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February 10, 1997

Pneumocystis carinii Pneumonia Masquerading as Tuberculosis

Author Affiliations

From the Division of Infectious Diseases, Department of Medicine, University of Southern California School of Medicine, and the Los Angeles County—University of Southern California Medical Center, Los Angeles, Calif.

Arch Intern Med. 1997;157(3):351-355. doi:10.1001/archinte.1997.00440240117017

Recent laboratory studies indicate that genetic diversity exists in human strains of Pneumocystis carinii. Structural and functional variability in infecting strains could result in differences in host-parasite interactions and the natural history of P carinii pneumonia. We report 5 unusual cases in which the clinical presentation mimicked tuberculosis. All patients were cared for at a university-based public hospital clinic in Los Angeles, Calif, during a 2-year period. These patients were chronically ill, had lost weight, and each had cavities or cystic spaces as the primary radiographic findings. None were receiving aerosol pentamidine and only one had a history of smoking. Four patients were initially treated for tuberculosis and the fifth for disseminated Mycobacterium avium complex. Pneumocystis carinii was the only pathogen identified in each case. The unusual clinical presentations delayed the diagnosis of P carinii in all 5 cases. Practitioners must be aware of the variable presentations of P carinii pneumonia.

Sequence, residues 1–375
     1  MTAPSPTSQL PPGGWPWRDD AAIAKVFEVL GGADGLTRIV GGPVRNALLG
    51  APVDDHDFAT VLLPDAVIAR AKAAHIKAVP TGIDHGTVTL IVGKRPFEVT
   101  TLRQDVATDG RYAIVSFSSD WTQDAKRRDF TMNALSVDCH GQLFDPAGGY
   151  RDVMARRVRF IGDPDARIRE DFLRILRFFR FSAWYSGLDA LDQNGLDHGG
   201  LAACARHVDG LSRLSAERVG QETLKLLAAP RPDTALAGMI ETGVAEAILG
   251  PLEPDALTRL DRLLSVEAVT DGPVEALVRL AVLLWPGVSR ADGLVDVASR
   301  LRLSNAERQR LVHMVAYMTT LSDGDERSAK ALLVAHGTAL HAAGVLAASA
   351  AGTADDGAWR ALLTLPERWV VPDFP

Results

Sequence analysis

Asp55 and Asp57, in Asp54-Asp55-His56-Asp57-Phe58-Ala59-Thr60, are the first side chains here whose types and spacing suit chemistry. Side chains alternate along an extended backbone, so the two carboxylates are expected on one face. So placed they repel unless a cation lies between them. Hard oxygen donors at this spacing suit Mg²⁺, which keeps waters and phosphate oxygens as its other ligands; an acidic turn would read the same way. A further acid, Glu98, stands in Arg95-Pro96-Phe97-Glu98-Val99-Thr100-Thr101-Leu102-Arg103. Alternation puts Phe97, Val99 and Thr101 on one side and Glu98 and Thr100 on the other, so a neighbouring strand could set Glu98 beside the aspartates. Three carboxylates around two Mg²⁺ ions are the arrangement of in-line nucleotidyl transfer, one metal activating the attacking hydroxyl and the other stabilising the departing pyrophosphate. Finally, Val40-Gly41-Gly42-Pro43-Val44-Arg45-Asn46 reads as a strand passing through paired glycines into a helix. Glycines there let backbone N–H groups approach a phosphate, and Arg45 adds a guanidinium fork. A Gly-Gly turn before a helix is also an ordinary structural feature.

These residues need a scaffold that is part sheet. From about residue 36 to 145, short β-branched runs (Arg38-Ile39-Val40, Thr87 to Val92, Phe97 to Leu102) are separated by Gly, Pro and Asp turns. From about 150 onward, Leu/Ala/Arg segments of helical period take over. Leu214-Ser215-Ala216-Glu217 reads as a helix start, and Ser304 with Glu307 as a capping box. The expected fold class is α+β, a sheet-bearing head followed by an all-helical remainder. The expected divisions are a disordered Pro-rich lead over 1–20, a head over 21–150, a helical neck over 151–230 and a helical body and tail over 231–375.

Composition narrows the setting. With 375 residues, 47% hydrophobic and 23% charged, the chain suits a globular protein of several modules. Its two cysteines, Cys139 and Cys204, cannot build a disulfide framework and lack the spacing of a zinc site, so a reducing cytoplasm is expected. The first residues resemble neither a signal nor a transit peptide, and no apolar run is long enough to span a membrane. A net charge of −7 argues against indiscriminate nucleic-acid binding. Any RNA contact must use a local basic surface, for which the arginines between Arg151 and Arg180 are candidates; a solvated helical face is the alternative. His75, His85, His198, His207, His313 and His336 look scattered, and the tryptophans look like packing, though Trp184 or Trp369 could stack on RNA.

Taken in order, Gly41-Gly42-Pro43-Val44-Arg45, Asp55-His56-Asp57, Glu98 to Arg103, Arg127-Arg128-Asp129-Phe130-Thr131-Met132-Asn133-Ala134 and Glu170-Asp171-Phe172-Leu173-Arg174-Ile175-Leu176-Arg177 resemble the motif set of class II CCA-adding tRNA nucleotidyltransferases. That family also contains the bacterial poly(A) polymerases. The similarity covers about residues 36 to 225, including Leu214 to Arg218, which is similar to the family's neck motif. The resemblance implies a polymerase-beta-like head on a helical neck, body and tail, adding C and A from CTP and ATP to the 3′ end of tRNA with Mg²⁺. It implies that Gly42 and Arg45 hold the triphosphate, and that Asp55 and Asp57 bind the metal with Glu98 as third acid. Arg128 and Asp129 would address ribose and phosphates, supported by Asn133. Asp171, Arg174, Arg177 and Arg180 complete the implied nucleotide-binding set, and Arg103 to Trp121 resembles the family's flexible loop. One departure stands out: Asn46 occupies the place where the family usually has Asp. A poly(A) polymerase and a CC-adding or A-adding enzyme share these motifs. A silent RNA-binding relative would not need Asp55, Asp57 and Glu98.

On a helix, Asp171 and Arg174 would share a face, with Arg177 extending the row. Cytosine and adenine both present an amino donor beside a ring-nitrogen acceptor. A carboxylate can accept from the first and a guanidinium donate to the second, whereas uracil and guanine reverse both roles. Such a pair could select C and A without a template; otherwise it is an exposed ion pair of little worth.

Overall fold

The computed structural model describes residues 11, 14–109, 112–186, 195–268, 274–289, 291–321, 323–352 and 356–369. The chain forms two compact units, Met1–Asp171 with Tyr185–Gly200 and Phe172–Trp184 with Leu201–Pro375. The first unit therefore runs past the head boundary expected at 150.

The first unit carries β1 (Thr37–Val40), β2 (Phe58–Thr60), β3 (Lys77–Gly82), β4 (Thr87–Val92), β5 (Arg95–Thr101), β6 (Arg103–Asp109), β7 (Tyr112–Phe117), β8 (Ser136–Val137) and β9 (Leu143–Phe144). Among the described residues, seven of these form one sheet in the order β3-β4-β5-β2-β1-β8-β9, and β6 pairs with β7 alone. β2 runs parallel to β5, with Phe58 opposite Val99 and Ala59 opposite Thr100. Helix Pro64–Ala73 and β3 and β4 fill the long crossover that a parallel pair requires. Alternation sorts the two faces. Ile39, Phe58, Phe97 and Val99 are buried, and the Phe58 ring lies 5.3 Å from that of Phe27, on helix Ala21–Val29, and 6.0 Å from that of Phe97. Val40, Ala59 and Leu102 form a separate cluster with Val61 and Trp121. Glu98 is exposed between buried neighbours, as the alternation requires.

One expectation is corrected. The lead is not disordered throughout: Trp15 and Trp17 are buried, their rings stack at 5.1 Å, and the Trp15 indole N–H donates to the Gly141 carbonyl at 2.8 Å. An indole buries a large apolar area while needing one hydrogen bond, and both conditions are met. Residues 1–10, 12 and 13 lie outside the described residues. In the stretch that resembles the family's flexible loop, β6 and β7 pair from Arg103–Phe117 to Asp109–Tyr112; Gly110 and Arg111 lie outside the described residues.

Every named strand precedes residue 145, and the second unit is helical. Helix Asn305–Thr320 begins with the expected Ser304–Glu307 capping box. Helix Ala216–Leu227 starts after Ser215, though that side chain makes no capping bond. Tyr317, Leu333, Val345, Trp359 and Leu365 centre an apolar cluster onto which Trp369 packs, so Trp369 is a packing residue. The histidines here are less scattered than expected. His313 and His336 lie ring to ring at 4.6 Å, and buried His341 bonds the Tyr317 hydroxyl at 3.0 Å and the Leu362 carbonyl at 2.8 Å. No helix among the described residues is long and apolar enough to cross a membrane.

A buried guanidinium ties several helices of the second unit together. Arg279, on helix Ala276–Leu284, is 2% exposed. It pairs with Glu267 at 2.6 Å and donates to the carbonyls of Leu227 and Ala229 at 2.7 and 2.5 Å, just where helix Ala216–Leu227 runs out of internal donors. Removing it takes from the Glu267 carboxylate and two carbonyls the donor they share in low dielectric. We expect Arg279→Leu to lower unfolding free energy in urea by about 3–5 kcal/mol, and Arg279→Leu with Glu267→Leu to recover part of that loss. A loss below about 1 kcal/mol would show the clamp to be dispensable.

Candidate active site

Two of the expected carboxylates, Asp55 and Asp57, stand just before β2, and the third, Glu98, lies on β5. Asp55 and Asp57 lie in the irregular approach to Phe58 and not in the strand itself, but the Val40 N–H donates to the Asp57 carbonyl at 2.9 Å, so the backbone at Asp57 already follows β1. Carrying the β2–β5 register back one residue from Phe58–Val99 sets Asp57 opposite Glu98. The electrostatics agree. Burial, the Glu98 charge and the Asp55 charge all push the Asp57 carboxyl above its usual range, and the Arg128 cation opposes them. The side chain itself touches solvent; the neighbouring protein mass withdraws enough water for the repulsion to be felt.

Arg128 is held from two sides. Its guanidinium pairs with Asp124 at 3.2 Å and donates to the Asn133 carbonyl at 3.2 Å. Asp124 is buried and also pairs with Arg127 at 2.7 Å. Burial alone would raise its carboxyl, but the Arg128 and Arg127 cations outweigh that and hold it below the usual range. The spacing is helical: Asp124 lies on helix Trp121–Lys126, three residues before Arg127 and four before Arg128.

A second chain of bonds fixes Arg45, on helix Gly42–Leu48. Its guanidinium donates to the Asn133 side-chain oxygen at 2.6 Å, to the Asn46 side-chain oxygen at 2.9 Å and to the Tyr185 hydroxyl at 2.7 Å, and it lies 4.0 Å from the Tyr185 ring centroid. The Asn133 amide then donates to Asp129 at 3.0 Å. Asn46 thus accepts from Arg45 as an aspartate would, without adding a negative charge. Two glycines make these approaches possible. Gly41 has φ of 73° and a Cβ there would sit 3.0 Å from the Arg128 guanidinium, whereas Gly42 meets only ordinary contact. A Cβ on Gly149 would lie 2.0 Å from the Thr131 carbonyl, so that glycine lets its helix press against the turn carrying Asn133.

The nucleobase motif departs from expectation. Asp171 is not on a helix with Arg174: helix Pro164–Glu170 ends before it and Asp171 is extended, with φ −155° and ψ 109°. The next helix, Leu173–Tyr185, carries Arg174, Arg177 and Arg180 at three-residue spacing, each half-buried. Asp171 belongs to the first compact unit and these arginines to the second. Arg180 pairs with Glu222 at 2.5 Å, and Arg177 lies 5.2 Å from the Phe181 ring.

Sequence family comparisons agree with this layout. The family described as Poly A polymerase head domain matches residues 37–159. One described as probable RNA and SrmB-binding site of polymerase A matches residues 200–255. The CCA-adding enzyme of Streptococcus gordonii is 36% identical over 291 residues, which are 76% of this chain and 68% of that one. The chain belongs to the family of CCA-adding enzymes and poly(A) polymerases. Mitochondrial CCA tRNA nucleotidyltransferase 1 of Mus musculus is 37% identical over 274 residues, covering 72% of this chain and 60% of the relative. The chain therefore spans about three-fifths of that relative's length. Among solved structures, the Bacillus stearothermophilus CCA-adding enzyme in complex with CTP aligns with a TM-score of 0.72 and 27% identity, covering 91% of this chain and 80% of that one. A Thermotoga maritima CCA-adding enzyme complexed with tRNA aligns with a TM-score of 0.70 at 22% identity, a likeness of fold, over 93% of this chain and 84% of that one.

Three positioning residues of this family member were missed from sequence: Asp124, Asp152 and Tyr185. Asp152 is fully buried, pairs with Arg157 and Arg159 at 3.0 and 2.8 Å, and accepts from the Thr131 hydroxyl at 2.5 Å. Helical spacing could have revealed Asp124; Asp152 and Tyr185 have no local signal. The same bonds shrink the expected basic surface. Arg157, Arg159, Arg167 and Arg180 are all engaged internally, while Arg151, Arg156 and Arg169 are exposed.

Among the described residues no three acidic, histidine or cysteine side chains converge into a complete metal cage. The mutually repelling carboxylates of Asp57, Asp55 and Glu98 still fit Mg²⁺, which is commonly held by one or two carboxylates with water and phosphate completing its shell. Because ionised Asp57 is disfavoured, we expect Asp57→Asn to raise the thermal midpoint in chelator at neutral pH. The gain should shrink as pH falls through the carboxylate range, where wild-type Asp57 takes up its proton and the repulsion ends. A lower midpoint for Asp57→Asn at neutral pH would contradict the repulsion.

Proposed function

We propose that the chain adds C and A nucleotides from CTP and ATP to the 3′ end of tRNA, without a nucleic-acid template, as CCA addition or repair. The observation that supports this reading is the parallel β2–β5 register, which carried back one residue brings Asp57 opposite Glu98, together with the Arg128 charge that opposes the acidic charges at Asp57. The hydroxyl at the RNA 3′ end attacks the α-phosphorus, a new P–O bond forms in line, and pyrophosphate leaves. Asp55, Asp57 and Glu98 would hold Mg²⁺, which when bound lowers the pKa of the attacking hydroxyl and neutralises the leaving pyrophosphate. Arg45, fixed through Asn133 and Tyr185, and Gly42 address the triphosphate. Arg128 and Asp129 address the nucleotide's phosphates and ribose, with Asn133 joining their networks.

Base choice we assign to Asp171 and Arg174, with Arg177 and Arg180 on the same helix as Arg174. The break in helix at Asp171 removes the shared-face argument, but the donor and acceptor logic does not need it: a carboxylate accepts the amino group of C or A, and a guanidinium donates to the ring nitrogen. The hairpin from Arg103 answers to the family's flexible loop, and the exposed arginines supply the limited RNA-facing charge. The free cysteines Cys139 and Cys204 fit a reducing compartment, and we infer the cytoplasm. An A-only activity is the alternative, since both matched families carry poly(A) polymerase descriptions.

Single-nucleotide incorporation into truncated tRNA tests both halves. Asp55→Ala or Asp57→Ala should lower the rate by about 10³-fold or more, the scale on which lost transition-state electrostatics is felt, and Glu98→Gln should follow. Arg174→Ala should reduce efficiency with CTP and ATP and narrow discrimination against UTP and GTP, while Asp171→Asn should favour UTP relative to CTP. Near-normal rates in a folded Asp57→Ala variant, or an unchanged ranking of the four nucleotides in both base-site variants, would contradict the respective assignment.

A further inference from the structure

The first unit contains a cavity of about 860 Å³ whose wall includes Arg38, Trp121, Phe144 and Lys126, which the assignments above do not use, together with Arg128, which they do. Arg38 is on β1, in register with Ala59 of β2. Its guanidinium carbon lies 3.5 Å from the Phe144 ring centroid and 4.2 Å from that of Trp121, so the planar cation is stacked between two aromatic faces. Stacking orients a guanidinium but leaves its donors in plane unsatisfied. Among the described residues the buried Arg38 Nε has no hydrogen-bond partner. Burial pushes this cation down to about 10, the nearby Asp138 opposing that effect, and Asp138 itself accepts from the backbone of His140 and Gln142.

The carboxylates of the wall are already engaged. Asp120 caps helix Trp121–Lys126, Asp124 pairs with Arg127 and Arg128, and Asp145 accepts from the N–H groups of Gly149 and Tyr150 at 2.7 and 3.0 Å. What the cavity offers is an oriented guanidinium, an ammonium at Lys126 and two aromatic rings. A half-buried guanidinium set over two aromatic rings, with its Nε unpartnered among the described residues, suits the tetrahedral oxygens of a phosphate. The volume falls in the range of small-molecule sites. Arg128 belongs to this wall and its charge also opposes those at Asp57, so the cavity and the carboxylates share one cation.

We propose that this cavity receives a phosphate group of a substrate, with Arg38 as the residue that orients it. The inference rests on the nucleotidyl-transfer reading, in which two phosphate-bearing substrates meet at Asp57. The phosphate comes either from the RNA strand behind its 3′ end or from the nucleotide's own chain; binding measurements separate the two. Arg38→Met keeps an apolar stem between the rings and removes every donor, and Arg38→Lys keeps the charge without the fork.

Arch Intern Med. 1997;157:351-355